CEO’s - Assets or Liabilities
The arrogance, foolishness, or naivety of people in power never ceases to amaze me. The latest example is Ryanair boss Michael O'Leary. At one level Ryanair is a huge success, started in 1985 with a £1 capital, it has grown to carry 58m passengers in 2008. Its market capital is €4,949m ($6,500m) compared to British Airways £2,340m ($3,500m).
But at another their ideas about air travel are maverick. Let’s ignore the plan to charge passengers £1 ($1.50) for using the bathroom on the plane and focus on the recent problems caused by the ash cloud.
Under EU Regulation 261, if a flight is cancelled, those flying with European carriers into or out of the EU have the right to a refund or to be re-routed. If passengers chose the latter, they have the right to care - such as accommodation and meals - while they wait.
Ryanair boss Michael O'Leary described the regulations as "flawed" and initially said that he would only pay these expenses up to the value of the ticket - so somebody who bought a 30-euro ticket would only receive 30 Euros to cover their food and accommodation costs when stranded.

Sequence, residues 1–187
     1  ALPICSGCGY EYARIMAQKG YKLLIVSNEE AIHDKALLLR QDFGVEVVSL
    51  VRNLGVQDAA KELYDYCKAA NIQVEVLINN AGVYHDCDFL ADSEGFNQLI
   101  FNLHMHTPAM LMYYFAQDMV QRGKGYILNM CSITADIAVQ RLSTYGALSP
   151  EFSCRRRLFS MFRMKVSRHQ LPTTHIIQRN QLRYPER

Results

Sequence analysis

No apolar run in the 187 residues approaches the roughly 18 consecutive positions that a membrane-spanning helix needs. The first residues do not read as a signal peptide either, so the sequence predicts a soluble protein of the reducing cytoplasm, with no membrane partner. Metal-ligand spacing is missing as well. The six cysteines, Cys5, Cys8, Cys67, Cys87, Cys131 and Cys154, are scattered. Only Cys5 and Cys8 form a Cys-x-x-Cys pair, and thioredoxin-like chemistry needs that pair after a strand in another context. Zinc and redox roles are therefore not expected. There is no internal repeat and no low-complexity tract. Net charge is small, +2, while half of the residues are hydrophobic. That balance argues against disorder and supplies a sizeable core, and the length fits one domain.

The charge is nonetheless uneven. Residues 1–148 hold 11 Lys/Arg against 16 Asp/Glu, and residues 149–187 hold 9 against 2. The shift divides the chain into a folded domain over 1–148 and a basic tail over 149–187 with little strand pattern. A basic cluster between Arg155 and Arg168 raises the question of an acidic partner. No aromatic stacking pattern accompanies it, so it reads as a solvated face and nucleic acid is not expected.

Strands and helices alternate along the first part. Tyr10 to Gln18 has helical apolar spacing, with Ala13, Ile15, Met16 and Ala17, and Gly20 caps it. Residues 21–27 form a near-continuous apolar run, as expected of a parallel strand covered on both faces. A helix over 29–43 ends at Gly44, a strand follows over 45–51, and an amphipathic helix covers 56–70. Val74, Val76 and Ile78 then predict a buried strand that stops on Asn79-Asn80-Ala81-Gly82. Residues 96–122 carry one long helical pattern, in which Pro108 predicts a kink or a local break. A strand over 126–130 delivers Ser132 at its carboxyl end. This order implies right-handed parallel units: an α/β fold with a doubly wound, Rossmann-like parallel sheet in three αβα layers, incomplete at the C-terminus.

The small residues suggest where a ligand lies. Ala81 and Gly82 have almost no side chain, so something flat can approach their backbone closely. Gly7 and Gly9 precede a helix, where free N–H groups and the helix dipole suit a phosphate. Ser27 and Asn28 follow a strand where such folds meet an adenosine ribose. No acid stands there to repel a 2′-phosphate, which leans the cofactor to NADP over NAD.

This arrogance has resulted in a €3m ($3.75m) fine by the Italian authorities. That will take a lot of trips to the bathroom to clear it. What if the other 27 member states of the EU take the same action?
There was also some other examples Gerald Ratner, the CEO of Ratners Jewellers who described his company’s’ products as crap, he didn’t survive, nor did his company. The new Prime Minister was asked about his favourite joke and he replied, “Nike Clegg”, the man who is now is deputy in the coalition that is the UK government.
The US has had its share with Steve Samek, Arthur Andersons US managing partner saying “the day we lose the public trust is the day we go out of business.
So are CEO’s an asset or a liability? It probably comes down to the ability of the trusted people around them to keep their feet on the ground and not let the power go to their heads.
By Steve Knowles - More than 25 years in business and practice in the UK means that there is very little that I haven't seen before. But I also worked on your side of the pond and I have spent too many hours on planes and in airports. But the years haven't dulled my way of seeing an alternative view to everyone else, and everyday is a new adventure.